An out-of-court statement made by a child under twelve years of age concerning an act of alleged abuse or neglect as defined by section 63-7-20 of the South Carolina Code (2008) may be admissible in a family court proceeding.  In order to be admissible, the family court must find the child is unavailable to testify on any one of the following grounds: (1) the child's death; (2) the child's physical or mental disability; (3) the existence of a privilege involving the child; (4) the child's incompetency, including the child's inability to communicate about the offense because of fear; or (5) the substantial likelihood the child would suffer severe emotional trauma from testifying at the proceeding or by means of videotaped deposition or closed-circuit television.  S.C. Code Ann. § 19-1-180(B)(2)(a) (Supp. 2008).  Additionally, there must be a showing the statement possesses "particularized guarantees of trustworthiness."  S.C. Code Ann. § 19-1-180(B)(2)(b) (Supp. 2008). 

The family court found Daughter was available to testify by either videotape or closed-circuit television.  Cherry Mactaggart, Daughter's licensed counselor, testified that based on play therapy with Daughter, Daughter should not testify.  Mactaggart explained Daughter has been diagnosed with post-traumatic stress disorder.  Initially, Daughter had difficulty with eating, sleeping, attachment, expressions, approaching adults, and shyness; however, she opined Daughter had made substantial progress.  During therapy sessions, Mactaggart did not attempt to elicit how Daughter might respond to a court setting.  Mactaggart acknowledged Daughter was mentally capable of testifying and knew the difference between the truth and a lie.  The family court denied DSS's motion to admit Daughter's hearsay testimony, finding Daughter could testify by videotape or closed-circuit television.   

At the time of the hearing, Daughter was six years of age, and almost four years had passed since her removal.  Evidence indicated Daughter was mentally competent and knew the difference between right and wrong.  Accordingly, we do not believe the family court erred in finding Daughter could testify by videotape or closed-circuit television.[2]

IV.  GAL Fees and GAL's Attorney's Fees

Gerald and Fay E. maintain the family court's order contains no findings of fact to support the award of GAL fees and GAL's attorney's fees.  We agree.   

Appointment of a GAL in a private action is controlled by the South Carolina Private Guardian Ad Litem Reform Act (the Act), which became effective January 15, 2003, and states:

(A) In a private action before the family court in which custody or visitation of a minor child is an issue, the court may appoint a guardian ad litem only when it determines that:

(1) without a guardian ad litem, the court will likely not be fully informed about the facts of the case and there is a substantial dispute which necessitates a guardian ad litem; or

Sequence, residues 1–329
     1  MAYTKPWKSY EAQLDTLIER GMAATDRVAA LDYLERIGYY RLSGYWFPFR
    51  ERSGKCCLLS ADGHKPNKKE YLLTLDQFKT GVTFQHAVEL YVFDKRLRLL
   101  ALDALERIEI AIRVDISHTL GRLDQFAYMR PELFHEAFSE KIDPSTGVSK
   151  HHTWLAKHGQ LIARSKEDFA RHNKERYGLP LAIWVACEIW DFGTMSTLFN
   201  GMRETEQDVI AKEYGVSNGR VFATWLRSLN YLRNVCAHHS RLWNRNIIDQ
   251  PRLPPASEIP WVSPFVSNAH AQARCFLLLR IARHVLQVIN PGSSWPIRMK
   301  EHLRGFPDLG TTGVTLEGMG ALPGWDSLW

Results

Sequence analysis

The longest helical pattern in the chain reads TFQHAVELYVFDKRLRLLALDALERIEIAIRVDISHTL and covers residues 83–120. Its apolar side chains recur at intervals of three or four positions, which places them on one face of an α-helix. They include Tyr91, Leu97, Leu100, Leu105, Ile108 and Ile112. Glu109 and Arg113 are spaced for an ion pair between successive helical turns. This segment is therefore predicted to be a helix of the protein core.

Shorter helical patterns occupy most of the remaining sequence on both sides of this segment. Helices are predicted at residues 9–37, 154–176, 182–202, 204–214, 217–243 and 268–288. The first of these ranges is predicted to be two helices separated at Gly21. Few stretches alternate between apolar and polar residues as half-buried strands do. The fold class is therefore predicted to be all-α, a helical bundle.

(2) both parties consent to the appointment of a guardian ad litem who is approved by the court.

S.C. Code Ann. § 63-3-810 (2008). Furthermore, the Act authorizes the family court to appoint an attorney to represent a non-attorney GAL.  See S.C. Code Ann. § 63-3-820(E) (2008). When the family court determines the appointment of an attorney to represent the GAL is necessary, it must "set forth the reasons for the appointment and must establish a method for compensating the attorney."  Id. 

Section 63-3-850(A) of the South Carolina Code (2008) provides:

At the time of appointment of a [GAL], the family court judge must set forth the method and rate of compensation for the [GAL], including an initial authorization of a fee based on the facts of the case. If the [GAL] determines that it is necessary to exceed the fee initially authorized by the judge, the guardian must provide notice to both parties and obtain the judge's written authorization or the consent of both parties to charge more than the initially authorized fee.

The statute also provides the GAL is entitled to "reasonable compensation, subject to the review and approval of the court."  S.C. Code Ann. § 63-3-850(B) (2008).  In determining the reasonableness of the fees and costs, "the court must take into account" the following factors:

(1) the complexity of the issues before the court; (2) the contentiousness of the litigation; (3) the time expended by the guardian; (4) the expenses reasonably incurred by the guardian; (5) the financial ability of each party to pay fees and costs; and (6) any other factors the court considers necessary.

Id.  In Loe v. Mother, Father, & Berkeley County Dep't of Soc. Servs., 382 S.C. 457, 473-474, 675 S.E.2d 807, 816 (Ct. App. 2009), this court found the reasonableness of a GAL's attorney's fees should also be determined in light of these statutory factors. 

A review of the family court's order does not reveal the court considered the statutory factors in awarding GAL and GAL attorney's fees.  We do not address whether the GAL and GAL attorney's fees were properly approved pursuant to section 63-3-850 or whether the fees are reasonable. Instead, we reverse the award of fees and remand for a determination of whether the statutory requirements were met in authorizing fees for the GAL and the GAL's attorney and a determination of reasonableness pursuant to the factors specified in section 63-3-850(B). 

CONCLUSION

Based on the foregoing, we find the family court did not err in finding a substantial change of circumstances justified a return of custody to Father and Mother.  We affirm the family court's finding that Daughter was available to testify by videotape or closed-circuit television.  However, we reverse the award of GAL and GAL attorney's fees and remand this issue to the family court.

AFFIRMED IN PART AS MODIFIED, REVERSED IN PART, AND REMANDED.

SHORT, WILLIAMS, and GEATHERS, JJ., concur.


[1] The family court's order also outlined a visitation schedule for all parties.

[2] DSS and Gerald and Fay E. also contend the family court erred in not admitting the testimony pursuant to Rule 803(4) of the South Carolina Rules of Evidence.  Pursuant to Rule 803(4), SCRE, "[s]tatements made for purposes of medical diagnosis or treatment and describing medical history, or past or present symptoms, pain, or sensations, or the inception or general character of the cause or external source thereof insofar as reasonably pertinent to diagnosis or treatment" are admissible.  We find Rule 803(4), SCRE, does not apply in the present case.  Even if Rule 803(4) is applicable, the exclusion of the hearsay testimony was not prejudicial because the family court gave DSS an opportunity to interview Daughter and put forth Daughter's testimony, which DSS failed to do.  Because of this failure, DSS cannot show both error and prejudice.